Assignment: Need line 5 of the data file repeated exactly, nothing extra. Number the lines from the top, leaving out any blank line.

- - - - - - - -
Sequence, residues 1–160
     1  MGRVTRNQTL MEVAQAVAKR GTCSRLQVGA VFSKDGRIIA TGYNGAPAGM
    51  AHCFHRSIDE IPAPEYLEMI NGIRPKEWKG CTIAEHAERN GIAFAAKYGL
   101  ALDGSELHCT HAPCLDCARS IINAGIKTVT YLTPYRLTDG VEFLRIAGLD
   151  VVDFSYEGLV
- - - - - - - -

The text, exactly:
   151  VVDFSYEGLV